Abstract [en]

In this paper we explore the design of a design fiction as an iterative process of interweaving storytelling and world building. With the design fiction Data Economy, we present how we have imagined and externalized a data obsessed future through a protagonist, narratives, plots and diegetic prototypes; this includes the short stories Memoirs of Jesse, the short film Data Economy and a number of designed objects. Data Economy explores how far people are willing to go to satisfy their individualistic hunger to consume by creating a tension between consumerism and data collection. By analyzing the design fiction, we discuss social and ethical issues of data privacy. With a focus on narratives, plots, protagonists and diegetic prototypes, we argue that the designerly potential of design fiction lies in its ability to interweave the literary methods of storytelling with the designerly methods of world building.

Place, publisher, year, edition, pages
ACM Digital Library, 2018
Series
ACM International Conference Proceeding Series
National Category
Design
Identifiers
urn:nbn:se:kth:diva-259178 (URN)10.1145/3240167.3240270 (DOI)000455775700076 ()2-s2.0-85056577672 (Scopus ID)9781450364379 (ISBN)
Conference
10th Nordic Conference on Human-Computer Interaction, NordiCHI 2018; Oslo; Norway; 29 September 2018 through 3 October 2018
Note

QC 20190912

Available from: 2019-09-12 Created: 2019-09-12 Last updated: 2019-09-12Bibliographically approved
Juul Sondergaard, M. L. (2018). Staying with the Trouble through Design: Critical-feminist Design of Intimate Technology. (Doctoral dissertation). Aarhus, Denmark: AU Library Scholarly Publishing Services
Open this publication in new window or tab >>Staying with the Trouble through Design: Critical-feminist Design of Intimate Technology
2018 (English)Doctoral thesis, monograph (Other academic)
Place, publisher, year, edition, pages
Aarhus, Denmark: AU Library Scholarly Publishing Services, 2018
Series
Ph.D. dissertations
Keywords
Interaction design, intimacy, intimate technology, trouble, taboo, gender, speculative design, design fiction, feminist HCI, women's health
National Category
Interaction Technologies Design
Research subject
Art, Technology and Design
Identifiers
urn:nbn:se:kth:diva-259194 (URN)10.7146/aul.289.203 (DOI)978-87-7507-436-5 (ISBN)
Available from: 2019-09-13 Created: 2019-09-12 Last updated: 2019-09-13Bibliographically approved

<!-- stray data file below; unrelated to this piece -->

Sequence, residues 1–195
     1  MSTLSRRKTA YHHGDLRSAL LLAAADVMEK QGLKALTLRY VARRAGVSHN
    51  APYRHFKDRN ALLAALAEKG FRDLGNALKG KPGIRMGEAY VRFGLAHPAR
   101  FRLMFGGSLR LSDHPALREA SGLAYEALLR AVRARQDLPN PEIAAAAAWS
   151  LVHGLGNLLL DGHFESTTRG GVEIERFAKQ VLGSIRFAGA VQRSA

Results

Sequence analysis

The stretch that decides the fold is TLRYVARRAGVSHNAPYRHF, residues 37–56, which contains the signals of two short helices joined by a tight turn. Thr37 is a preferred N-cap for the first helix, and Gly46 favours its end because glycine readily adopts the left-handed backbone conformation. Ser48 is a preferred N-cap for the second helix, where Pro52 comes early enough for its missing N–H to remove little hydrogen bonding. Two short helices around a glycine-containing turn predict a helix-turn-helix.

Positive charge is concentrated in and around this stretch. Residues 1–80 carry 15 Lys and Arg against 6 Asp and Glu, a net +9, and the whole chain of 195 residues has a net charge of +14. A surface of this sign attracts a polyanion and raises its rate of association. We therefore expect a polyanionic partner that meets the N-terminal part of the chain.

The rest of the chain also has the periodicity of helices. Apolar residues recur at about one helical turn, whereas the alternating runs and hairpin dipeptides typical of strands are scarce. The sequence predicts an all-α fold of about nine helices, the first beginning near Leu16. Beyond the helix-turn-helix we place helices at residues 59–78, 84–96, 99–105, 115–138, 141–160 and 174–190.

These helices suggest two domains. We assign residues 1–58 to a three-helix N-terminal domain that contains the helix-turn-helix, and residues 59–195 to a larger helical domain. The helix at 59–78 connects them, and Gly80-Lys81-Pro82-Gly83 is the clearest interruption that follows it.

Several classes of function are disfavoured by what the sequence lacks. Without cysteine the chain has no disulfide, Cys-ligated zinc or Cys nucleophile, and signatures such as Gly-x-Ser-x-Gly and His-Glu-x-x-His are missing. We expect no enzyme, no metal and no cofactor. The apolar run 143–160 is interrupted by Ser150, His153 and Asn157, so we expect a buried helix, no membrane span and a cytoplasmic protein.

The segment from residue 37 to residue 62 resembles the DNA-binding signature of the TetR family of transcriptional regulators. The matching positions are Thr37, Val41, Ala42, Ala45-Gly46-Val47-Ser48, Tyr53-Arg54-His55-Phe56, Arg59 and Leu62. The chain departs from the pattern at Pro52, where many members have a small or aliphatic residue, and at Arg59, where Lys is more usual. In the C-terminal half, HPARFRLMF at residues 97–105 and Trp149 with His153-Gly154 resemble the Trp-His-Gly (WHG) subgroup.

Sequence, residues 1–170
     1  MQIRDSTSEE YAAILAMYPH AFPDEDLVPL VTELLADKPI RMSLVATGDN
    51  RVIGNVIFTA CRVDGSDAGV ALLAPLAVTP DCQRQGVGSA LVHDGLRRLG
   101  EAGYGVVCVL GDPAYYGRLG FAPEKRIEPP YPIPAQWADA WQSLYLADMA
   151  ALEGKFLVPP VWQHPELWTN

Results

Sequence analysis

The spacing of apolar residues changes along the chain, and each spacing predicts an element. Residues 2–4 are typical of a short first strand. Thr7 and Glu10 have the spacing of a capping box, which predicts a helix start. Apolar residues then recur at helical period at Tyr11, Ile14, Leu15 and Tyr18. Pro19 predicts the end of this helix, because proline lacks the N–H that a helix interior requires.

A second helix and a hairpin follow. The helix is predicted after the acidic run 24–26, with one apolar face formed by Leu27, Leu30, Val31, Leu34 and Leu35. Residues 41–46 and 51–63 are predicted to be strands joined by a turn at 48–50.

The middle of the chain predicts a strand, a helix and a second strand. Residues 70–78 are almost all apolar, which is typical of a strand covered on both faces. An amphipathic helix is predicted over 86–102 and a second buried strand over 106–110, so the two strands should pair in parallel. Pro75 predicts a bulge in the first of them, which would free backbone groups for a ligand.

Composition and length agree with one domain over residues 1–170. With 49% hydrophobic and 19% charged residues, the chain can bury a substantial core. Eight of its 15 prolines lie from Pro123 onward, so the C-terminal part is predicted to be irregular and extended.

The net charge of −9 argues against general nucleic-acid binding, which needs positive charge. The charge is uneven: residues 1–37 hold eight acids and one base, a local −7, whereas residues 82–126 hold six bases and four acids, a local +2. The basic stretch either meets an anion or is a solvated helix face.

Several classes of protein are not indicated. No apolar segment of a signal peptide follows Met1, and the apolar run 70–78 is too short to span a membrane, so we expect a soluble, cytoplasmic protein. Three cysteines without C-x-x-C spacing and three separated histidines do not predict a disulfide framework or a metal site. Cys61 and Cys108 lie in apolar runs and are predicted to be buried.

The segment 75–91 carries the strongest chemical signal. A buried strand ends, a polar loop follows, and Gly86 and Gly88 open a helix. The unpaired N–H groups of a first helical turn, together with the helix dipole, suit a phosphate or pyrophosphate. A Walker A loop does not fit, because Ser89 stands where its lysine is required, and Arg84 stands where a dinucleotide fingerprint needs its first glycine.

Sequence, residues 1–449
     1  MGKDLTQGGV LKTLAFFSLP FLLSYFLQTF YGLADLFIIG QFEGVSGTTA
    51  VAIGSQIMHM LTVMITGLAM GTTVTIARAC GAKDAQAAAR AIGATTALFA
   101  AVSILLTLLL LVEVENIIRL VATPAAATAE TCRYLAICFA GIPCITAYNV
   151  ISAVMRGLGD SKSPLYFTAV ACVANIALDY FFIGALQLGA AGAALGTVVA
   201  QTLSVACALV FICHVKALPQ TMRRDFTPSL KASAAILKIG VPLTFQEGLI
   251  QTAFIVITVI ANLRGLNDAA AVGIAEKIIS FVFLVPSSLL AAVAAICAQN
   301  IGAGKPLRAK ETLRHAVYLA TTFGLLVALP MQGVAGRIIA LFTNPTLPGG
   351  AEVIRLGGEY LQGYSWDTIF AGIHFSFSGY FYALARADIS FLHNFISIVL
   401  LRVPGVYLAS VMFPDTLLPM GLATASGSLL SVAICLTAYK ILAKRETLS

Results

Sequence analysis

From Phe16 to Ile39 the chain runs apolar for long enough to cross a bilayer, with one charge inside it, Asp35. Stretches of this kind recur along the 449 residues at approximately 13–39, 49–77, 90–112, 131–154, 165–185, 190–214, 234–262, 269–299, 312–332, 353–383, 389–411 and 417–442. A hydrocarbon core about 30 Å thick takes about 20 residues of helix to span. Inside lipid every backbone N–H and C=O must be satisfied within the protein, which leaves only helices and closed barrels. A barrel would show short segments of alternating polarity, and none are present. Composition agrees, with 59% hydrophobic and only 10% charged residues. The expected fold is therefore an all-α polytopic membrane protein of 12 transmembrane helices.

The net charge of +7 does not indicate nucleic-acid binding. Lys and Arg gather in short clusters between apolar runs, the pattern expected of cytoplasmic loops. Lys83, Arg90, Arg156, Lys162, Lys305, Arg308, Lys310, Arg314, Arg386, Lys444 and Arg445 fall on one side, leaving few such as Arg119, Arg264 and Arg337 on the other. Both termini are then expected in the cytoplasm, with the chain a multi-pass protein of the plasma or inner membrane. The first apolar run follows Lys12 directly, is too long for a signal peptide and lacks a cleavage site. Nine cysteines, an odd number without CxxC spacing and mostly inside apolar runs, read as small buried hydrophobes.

Juul Sondergaard, M. L. & Hedegård Schiølin, K. (2017). Bataille’s bicycle: execution and/as eroticism. In: Helen Pritchard, Eric Snodgrass, Magda Tyżlik-Carver (Ed.), Executing Practices: (pp. 179-197). Brooklyn, New York: Open Humanities Press
Open this publication in new window or tab >>Bataille’s bicycle: execution and/as eroticism
2017 (English)In: Executing Practices / [ed] Helen Pritchard, Eric Snodgrass, Magda Tyżlik-Carver, Brooklyn, New York: Open Humanities Press , 2017, p. 179-197Chapter in book (Refereed)
Place, publisher, year, edition, pages
Brooklyn, New York: Open Humanities Press, 2017
Series
DATA Browser
Keywords
execution, computation, artistic research
National Category
Interaction Technologies Design
Research subject
Art, Technology and Design
Identifiers
urn:nbn:se:kth:diva-259188 (URN)9781570273216 (ISBN)
Note

QC 20190923

Available from: 2019-09-12 Created: 2019-09-12 Last updated: 2019-09-23Bibliographically approved
Juul Sondergaard, M. L. & Hansen, L. K. (2017). Designing with Bias and Privilege?. In: Proceedings of the 7th Bi-Annual Nordic Design Research Society Conference - Design + Power: . Paper presented at Nordic Design Research conference.
Open this publication in new window or tab >>Designing with Bias and Privilege?
2017 (English)In: Proceedings of the 7th Bi-Annual Nordic Design Research Society Conference - Design + Power, 2017Conference paper, Published paper (Refereed)
Abstract [en]

Focusing on the relation between design and power requires us to understand the designer’s role and position. Based on an understanding of design as ideological and political, we focus on the designer’s position from an intersectional feminist perspective. We present two design objects that aim to critically intervene into agency and power structures, and we analyse how the designer’s position impacts this intervention. With this case, we demonstrate how a simple argument – that what you design is always influenced by your (lack of) privilege – becomes complex when understood in the concrete design practice. The paper contributes with a critical reflection on how a designer is always part of a construction of power and privilege.